Trigger Warning: This article mentions gender-based violence.
The death of Shraddha Walkar, a 27-year-old woman, in the national capital has brought intense and deep conversations into the public domain. The discourse over her death is accelerated with victim blaming and accusations over her interfaith relationship with Aftab Ameen Poonawala, who has been arrested and charged with the murder. The news of her death sparked the Indian mainstream media giving clickbait headlines questioning Shraddha’s life choices.
With the sensational news coming from the police that Aftab chopped his partner into 35 pieces and stored the body parts in a fridge, the investigation started when Sharddha Walkar’s friend Laxman Nidar informed her brother that she is not available on the phone for months. “I was worried about Shraddha since July as there wasn’t any reply from her side. Her phone was switched off too. After enquiring about her among her other friends,I informed her brother and we approached the police,” says Laxman Nadir to ANI.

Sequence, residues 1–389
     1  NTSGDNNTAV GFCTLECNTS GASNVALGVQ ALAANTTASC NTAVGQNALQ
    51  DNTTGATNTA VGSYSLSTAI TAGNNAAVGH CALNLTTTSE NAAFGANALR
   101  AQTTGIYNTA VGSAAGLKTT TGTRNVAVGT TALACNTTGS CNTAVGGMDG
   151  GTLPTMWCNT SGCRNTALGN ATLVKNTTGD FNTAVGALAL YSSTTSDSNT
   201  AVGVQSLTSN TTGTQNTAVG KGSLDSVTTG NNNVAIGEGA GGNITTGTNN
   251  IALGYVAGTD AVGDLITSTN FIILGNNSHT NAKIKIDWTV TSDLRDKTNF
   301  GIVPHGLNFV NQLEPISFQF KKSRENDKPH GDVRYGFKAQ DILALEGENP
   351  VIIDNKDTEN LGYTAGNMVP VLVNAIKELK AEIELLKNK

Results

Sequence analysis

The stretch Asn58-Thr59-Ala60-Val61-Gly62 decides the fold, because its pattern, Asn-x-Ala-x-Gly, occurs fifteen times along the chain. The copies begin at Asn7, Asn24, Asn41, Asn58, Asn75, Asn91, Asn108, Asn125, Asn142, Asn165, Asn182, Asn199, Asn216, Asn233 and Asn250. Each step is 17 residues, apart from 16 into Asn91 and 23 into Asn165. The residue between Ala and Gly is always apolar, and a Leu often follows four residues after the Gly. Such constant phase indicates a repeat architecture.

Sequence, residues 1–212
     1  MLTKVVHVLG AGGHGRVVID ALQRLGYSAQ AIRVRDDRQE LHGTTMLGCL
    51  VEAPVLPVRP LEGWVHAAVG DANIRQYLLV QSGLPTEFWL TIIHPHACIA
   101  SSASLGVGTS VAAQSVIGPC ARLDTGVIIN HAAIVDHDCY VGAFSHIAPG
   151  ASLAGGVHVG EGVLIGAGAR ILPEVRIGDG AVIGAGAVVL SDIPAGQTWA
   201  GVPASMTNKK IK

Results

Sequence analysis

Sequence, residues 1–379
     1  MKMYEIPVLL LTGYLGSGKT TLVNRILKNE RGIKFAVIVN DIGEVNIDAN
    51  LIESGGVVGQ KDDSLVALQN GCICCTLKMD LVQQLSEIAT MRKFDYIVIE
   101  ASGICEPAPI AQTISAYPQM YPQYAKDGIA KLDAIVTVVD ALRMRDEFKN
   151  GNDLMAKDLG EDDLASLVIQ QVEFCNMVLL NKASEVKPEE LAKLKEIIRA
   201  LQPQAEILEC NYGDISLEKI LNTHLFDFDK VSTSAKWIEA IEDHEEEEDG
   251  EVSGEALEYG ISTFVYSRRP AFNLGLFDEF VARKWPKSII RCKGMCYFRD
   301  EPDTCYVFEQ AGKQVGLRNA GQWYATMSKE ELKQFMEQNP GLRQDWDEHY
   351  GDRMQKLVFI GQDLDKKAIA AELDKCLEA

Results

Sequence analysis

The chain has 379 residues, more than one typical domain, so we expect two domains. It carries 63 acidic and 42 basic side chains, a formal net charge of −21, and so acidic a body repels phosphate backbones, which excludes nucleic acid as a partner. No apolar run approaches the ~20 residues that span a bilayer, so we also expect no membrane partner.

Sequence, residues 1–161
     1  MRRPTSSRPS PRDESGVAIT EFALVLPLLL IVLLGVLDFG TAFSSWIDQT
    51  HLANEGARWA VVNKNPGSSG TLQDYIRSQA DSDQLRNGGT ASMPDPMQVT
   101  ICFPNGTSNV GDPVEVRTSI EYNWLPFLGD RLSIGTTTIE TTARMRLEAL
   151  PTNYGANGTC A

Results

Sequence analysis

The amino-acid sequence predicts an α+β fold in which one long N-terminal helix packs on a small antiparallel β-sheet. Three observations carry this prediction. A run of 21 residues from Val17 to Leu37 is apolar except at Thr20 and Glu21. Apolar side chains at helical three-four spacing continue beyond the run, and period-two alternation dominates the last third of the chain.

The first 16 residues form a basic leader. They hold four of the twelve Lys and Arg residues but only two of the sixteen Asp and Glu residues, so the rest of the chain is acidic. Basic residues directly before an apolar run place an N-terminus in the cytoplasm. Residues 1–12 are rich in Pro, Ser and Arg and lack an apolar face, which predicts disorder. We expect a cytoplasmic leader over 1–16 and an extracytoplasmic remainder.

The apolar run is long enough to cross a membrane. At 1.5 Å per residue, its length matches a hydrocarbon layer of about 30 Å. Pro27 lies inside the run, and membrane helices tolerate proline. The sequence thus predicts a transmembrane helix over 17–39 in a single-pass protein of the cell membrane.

“This is clearly a case of a violent crime by an intimate partner.The Right Wing is as usual trying to capitalise on this gruesome tragedy to invoke the bogey of so-called Love Jihad. It is a desperate attempt to divide Indians and to spread hatred against a community rather than have sympathy for the woman’s safety and security. This tendency to politicise every issue in a Hindu-Muslim binary distracts attention from women’s rights violations so rampant in our country. They must desist from this dangerous politics and support the cause of justice and equality for women.”Zakia Soman, Founder member of Bharatiya Muslim Mahila Andolan